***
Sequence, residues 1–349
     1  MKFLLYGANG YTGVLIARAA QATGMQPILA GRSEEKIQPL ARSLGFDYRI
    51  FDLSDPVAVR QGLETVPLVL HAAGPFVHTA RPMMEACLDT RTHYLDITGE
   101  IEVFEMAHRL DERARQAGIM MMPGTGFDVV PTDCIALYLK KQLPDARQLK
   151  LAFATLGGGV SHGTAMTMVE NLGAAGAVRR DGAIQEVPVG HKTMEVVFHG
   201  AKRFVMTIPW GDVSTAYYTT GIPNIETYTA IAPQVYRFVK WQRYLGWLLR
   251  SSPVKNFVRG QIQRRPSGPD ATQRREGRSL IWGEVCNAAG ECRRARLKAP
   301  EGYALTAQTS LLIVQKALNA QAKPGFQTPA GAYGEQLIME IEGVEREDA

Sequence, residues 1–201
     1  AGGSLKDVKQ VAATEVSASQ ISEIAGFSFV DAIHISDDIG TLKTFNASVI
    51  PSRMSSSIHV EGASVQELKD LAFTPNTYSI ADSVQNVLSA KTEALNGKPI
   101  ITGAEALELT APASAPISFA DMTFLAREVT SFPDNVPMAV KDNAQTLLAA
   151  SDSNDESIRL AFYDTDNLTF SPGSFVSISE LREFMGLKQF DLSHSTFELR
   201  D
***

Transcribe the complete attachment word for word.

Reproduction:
Sequence, residues 1–349
     1  MKFLLYGANG YTGVLIARAA QATGMQPILA GRSEEKIQPL ARSLGFDYRI
    51  FDLSDPVAVR QGLETVPLVL HAAGPFVHTA RPMMEACLDT RTHYLDITGE
   101  IEVFEMAHRL DERARQAGIM MMPGTGFDVV PTDCIALYLK KQLPDARQLK
   151  LAFATLGGGV SHGTAMTMVE NLGAAGAVRR DGAIQEVPVG HKTMEVVFHG
   201  AKRFVMTIPW GDVSTAYYTT GIPNIETYTA IAPQVYRFVK WQRYLGWLLR
   251  SSPVKNFVRG QIQRRPSGPD ATQRREGRSL IWGEVCNAAG ECRRARLKAP
   301  EGYALTAQTS LLIVQKALNA QAKPGFQTPA GAYGEQLIME IEGVEREDA

Sequence, residues 1–201
     1  AGGSLKDVKQ VAATEVSASQ ISEIAGFSFV DAIHISDDIG TLKTFNASVI
    51  PSRMSSSIHV EGASVQELKD LAFTPNTYSI ADSVQNVLSA KTEALNGKPI
   101  ITGAEALELT APASAPISFA DMTFLAREVT SFPDNVPMAV KDNAQTLLAA
   151  SDSNDESIRL AFYDTDNLTF SPGSFVSISE LREFMGLKQF DLSHSTFELR
   201  D